Department of Ecology and Evolutionary Biology, University of California, United States
The processes that shape diversity have long been of interest in ecology, but progress on this question has become more critical as biodiversity is threatened by climate change. One future consequence is that precipitation is generally expected to become more irregular which may have profound effects on plant coexistence. Modern coexistence theory suggests that coexistence mechanisms, such as the temporal storage effect, may be important in communities experiencing fluctuating abiotic conditions, and therefore understanding these phenomena can help predict how communities will respond to future variability. To examine the effects of temporal variation on coexistence, here we explore changes in species interactions over time in an annual grassland in southern California with high interannual variability in rainfall. Specifically, we set out to answer Q1) Is species performance correlated across years? Q2) Can species functional traits help us understand differences in species responses to wetter verse dryer years? Each year we set up plots within a cleared and fenced in area, and sowed seeds before winter rains began. We recorded germination and seed production for several species over 12 years, which included extremely dry and wet years. Additionally, we measured 11 key leaf, stem, and root functional traits for each species.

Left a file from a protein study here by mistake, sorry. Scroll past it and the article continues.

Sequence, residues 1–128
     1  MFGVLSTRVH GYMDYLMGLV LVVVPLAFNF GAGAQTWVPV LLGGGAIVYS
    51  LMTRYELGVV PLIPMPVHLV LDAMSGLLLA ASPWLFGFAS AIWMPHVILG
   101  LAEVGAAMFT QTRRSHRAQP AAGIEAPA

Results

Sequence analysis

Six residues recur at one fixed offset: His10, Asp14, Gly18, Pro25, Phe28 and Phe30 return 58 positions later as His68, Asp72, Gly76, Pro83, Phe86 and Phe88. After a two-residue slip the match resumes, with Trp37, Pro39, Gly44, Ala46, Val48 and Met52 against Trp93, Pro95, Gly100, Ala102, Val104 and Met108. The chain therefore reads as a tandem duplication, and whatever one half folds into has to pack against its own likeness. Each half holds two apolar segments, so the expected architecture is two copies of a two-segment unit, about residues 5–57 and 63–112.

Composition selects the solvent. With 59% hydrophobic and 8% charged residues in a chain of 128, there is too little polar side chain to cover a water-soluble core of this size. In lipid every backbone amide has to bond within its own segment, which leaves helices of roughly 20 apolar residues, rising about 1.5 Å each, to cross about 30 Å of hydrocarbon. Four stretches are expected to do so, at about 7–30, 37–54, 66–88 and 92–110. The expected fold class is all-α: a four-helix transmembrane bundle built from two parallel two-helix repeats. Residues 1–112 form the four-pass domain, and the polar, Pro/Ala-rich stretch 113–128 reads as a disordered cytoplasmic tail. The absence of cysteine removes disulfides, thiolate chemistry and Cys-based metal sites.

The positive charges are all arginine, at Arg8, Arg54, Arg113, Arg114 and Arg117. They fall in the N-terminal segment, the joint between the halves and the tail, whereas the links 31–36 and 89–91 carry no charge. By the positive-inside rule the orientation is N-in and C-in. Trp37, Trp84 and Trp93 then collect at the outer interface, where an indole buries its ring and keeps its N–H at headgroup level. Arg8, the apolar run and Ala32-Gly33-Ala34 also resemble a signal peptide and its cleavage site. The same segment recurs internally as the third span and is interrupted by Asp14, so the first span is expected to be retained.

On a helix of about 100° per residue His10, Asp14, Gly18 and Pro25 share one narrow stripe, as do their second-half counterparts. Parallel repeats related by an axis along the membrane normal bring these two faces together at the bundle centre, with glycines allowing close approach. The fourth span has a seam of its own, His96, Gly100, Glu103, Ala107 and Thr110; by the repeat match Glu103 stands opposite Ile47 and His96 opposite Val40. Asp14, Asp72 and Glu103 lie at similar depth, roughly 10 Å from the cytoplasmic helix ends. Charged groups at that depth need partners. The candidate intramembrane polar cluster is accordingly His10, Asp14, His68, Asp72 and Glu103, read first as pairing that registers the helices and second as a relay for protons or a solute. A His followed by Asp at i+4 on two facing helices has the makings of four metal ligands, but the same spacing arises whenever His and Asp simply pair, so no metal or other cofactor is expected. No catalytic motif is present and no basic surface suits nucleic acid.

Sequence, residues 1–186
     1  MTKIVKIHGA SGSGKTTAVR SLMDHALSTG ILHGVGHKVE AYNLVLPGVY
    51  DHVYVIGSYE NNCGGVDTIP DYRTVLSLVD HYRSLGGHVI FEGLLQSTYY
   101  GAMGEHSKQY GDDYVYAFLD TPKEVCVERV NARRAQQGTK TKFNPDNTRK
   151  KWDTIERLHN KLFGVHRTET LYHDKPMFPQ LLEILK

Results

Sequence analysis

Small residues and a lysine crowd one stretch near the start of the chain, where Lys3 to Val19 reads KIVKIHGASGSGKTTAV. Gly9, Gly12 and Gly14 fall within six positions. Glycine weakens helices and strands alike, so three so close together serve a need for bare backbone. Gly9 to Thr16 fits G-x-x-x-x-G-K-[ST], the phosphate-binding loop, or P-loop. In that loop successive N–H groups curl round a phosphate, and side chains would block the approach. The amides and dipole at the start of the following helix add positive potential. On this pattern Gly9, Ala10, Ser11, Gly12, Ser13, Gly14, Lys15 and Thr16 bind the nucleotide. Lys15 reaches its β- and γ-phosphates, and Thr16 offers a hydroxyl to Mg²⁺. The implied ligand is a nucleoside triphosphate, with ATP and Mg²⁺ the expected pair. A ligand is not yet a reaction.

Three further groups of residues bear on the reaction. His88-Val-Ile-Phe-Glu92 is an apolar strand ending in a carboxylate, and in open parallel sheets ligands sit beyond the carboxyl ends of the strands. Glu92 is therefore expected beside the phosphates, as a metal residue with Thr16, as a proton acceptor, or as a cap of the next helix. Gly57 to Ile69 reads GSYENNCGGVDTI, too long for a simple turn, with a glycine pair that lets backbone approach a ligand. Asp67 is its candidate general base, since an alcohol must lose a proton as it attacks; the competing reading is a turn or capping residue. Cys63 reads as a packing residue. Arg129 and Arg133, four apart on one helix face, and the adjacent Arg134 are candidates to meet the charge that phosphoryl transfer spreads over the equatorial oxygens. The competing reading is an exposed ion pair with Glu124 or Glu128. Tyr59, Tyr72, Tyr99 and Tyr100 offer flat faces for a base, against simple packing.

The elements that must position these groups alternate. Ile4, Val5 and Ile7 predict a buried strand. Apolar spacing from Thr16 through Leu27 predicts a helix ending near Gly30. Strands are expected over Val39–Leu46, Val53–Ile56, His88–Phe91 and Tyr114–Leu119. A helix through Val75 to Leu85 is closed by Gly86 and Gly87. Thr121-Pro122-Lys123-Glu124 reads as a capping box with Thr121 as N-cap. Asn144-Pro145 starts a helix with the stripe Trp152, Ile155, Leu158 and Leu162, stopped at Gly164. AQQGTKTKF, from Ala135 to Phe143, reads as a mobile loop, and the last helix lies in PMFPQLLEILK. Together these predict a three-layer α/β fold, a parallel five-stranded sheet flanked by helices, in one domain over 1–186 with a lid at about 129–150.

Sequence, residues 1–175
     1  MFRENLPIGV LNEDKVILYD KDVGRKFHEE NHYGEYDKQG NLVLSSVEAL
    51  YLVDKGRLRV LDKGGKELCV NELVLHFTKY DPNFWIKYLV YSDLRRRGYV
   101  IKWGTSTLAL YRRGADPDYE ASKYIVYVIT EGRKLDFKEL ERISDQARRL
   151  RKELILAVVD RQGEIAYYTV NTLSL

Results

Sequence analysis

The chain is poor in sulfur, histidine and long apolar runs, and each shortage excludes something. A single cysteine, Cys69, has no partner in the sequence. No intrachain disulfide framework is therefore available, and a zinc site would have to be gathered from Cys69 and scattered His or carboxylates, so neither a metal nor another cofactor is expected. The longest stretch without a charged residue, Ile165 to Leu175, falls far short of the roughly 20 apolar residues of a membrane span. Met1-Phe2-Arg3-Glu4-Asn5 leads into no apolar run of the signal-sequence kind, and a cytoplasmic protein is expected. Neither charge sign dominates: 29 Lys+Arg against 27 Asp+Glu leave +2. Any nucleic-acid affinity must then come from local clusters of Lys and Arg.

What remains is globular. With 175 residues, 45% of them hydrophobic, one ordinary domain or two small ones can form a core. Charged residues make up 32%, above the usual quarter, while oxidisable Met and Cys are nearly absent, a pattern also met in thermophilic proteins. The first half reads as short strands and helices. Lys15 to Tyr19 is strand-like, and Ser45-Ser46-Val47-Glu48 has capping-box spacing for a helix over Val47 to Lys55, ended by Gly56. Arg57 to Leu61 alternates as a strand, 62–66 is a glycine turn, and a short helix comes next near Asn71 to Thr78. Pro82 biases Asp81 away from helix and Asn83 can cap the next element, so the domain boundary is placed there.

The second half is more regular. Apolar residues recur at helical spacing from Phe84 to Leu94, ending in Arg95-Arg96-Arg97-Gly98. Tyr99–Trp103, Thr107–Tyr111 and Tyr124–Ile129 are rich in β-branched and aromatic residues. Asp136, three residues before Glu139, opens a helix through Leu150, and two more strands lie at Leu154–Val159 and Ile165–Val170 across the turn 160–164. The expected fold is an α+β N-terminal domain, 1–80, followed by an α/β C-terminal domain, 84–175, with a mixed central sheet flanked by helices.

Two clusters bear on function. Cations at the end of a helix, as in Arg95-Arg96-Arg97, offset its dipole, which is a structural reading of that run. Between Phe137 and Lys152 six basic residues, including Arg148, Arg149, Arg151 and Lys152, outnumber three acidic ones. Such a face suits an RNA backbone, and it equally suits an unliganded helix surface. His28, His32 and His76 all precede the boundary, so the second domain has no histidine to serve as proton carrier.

Preliminary analyses of eight annual plant species over 12 years show evidence that species demographic responses are not perfectly correlated across years, indicating that species differ in which years they perform best. Variation in response concentrates intraspecific interactions relative to interspecific interactions and favors coexistence. Additionally, species differences in functional traits, especially specific leaf area, rooting depth, specific root length, and leaf N were well correlated with differences in species demographic responses, such that species with similar traits did best in the same years. This sheds light on how coexistence is currently maintained in the community and provides context for future responses. By connecting these responses to functional traits, we hope to make the study more broadly useful and identify traits indicative of species responses to changing water availability.